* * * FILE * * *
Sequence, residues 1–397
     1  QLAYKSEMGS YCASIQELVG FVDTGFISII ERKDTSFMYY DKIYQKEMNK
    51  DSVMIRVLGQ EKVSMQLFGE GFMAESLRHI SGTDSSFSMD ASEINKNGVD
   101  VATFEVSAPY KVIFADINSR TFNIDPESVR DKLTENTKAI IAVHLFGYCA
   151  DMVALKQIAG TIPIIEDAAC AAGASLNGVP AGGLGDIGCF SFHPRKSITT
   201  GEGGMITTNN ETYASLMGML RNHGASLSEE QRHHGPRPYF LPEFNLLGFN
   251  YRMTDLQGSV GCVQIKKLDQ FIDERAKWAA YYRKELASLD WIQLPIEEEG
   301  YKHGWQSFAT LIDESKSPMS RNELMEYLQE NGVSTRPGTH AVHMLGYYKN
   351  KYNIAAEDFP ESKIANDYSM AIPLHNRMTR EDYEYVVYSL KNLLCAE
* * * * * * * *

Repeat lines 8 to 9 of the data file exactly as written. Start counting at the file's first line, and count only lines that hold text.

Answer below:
   301  YKHGWQSFAT LIDESKSPMS RNELMEYLQE NGVSTRPGTH AVHMLGYYKN
   351  KYNIAAEDFP ESKIANDYSM AIPLHNRMTR EDYEYVVYSL KNLLCAE